- Students, Staff & Faculty Warning on File Sharing from the RIAA
- Summary of Civil and Criminal Penalties for Violation of Federal Copyright Laws
- Legal Sources for Online Music and Videos
- How to disable sharing on your P2P applications
CSUMB, under direction of the Chancellor's Office complies with the Recording Industry Association of America's (RIAA's) effort to legally subpoena information about individuals who they believe to have engaged in unauthorized peer-to-peer file sharing of copyrighted music and other works. The RIAA subpoenas are the first step toward filing lawsuits against students, faculty and staff and community members using OtterNET who violate the copyright laws.
IT@csumb.edu would like to remind students, staff and faculty that the unauthorized recording and sharing of peer-to-peer file copyrighted works, including music, pictures, and movies, is a violation of campus computer use policy. This practice is also illegal and may carry significant monetary and/or criminal sanctions and fines. It is the responsibility of each individual user of OtterNet to be familiar with this policy and to make certain that they are not distributing copyrighted works, or that the sharer has the permission of the copyright holder.
The majority of the alleged violations are occurring in East Campus Housing and in dorms. It is your responsibility to make sure that all individuals using your Internet connection or computer are familiar with this policy. Please do not illegally share copyrighted works, and take precautions if you use a wireless router that your router is protected from unauthorized users.
Copyright infringement is the act of exercising, without permission or legal authority, one or more of the exclusive rights granted to the copyright owner under section 106 of the Copyright Act (Title 17 of the United States Code). These rights include the right to reproduce or distribute a copyrighted work. In the file-sharing context, downloading or uploading substantial parts of a copyrighted work without authority constitutes an infringement.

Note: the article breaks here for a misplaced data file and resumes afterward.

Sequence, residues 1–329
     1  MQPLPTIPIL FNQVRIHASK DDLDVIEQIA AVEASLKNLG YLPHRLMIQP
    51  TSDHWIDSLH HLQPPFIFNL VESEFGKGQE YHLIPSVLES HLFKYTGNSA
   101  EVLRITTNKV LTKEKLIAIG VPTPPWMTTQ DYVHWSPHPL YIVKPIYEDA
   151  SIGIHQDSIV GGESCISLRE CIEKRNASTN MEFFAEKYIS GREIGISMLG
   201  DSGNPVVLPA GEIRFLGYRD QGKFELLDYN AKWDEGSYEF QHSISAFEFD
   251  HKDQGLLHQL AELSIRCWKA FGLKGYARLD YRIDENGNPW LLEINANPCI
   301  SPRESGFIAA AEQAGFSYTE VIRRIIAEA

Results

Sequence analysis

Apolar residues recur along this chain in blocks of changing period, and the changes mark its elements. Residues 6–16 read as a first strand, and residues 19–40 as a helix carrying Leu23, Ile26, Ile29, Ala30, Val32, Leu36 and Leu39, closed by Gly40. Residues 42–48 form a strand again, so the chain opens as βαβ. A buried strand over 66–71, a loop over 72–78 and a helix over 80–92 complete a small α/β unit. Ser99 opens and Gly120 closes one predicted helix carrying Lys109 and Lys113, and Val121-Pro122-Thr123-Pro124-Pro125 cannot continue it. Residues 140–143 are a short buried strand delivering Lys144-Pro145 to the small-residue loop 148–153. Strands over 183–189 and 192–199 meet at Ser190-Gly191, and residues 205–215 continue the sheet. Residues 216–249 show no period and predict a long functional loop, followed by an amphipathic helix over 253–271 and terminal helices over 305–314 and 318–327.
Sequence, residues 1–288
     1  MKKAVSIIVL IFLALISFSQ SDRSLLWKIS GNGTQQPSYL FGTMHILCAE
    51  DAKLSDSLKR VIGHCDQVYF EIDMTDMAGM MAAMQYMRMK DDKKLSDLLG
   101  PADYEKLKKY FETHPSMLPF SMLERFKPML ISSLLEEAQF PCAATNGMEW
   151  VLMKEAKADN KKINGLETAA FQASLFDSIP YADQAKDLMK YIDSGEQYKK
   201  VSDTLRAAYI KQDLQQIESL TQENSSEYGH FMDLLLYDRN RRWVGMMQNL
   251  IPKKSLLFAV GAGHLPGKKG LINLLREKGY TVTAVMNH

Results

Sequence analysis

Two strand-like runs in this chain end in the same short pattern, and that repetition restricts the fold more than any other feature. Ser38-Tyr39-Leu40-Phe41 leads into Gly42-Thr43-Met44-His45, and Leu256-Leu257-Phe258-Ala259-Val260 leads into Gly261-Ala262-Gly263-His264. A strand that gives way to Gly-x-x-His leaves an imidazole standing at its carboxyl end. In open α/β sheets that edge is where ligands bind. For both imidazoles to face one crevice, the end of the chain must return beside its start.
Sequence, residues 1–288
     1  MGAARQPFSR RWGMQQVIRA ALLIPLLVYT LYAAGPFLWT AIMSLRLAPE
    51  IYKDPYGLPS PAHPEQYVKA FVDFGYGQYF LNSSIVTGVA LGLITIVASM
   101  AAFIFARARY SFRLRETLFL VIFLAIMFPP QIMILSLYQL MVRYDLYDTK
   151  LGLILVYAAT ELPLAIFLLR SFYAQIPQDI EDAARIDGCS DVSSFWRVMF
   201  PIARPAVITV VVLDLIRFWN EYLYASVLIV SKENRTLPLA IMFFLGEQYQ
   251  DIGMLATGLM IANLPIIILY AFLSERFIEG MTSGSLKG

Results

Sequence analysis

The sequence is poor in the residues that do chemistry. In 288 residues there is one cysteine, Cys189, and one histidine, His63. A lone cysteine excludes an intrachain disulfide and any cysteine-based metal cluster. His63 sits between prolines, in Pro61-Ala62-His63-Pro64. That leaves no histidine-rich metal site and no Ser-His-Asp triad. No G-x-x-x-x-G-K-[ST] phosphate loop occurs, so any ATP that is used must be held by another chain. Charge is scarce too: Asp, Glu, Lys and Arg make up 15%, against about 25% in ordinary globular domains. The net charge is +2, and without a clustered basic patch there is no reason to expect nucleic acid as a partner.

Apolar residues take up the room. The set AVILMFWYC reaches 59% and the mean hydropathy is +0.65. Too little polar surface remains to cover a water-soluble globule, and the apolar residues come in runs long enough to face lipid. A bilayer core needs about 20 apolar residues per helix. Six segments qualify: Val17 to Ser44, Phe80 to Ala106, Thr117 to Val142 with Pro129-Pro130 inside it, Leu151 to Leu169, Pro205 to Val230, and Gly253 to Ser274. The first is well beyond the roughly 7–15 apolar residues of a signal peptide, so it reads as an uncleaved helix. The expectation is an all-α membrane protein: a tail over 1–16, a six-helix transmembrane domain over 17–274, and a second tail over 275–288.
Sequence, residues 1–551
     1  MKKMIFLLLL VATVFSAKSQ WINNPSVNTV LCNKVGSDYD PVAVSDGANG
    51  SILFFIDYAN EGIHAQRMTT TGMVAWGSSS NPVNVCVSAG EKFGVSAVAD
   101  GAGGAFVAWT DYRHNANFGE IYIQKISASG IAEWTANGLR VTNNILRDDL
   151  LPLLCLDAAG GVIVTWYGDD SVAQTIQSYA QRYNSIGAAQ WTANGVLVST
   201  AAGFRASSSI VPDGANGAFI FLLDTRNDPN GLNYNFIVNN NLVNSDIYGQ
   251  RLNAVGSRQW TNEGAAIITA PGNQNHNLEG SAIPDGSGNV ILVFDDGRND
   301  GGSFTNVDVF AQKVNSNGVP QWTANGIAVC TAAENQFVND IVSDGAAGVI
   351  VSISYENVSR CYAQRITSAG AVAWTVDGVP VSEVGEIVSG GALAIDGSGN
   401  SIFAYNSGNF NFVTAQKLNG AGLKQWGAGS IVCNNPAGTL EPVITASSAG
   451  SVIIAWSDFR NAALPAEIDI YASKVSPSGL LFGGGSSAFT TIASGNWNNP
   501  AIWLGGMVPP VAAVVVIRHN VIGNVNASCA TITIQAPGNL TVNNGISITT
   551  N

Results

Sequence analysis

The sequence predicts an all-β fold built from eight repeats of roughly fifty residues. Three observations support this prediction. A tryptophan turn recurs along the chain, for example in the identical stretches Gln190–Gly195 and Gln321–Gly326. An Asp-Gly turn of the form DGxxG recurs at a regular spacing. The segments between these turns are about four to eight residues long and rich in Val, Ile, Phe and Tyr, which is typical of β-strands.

Penalties for copyright infringement include civil and criminal penalties. In general, anyone found liable for civil copyright infringement may be ordered to pay either actual damages or "statutory" damages affixed at not less than $750 and not more than $30,000 per work infringed. For "willful" infringement, a court may award up to $150,000 per work infringed. A court can, in its discretion, also assess costs and attorneys' fees. For details, see Title 17, United States Code, Sections 504, 505.
Willful copyright infringement can also result in criminal penalties, including imprisonment of up to five years and fines of up to $250,000 per offense.
For more information, please see the Web site of the U.S. Copyright Office at www.copyright.gov, especially their FAQ's at www.copyright.gov/help/faq.
Legal Sources for Online Music and Videos
EDUCAUSE maintains a list of free, legal sites with music and shows that can be legally enjoyed without the worry and risk related to copyright infringement.
The Higher Education Opportunity Act (HEOA) requires that we periodically review the legal alternatives for downloading or otherwise acquiring copyrighted material.
The University of Chicago maintaints instructions on how to disable sharing for most P2P applications at http://itservices.uchicago.edu/services/safecomputing/disableptp/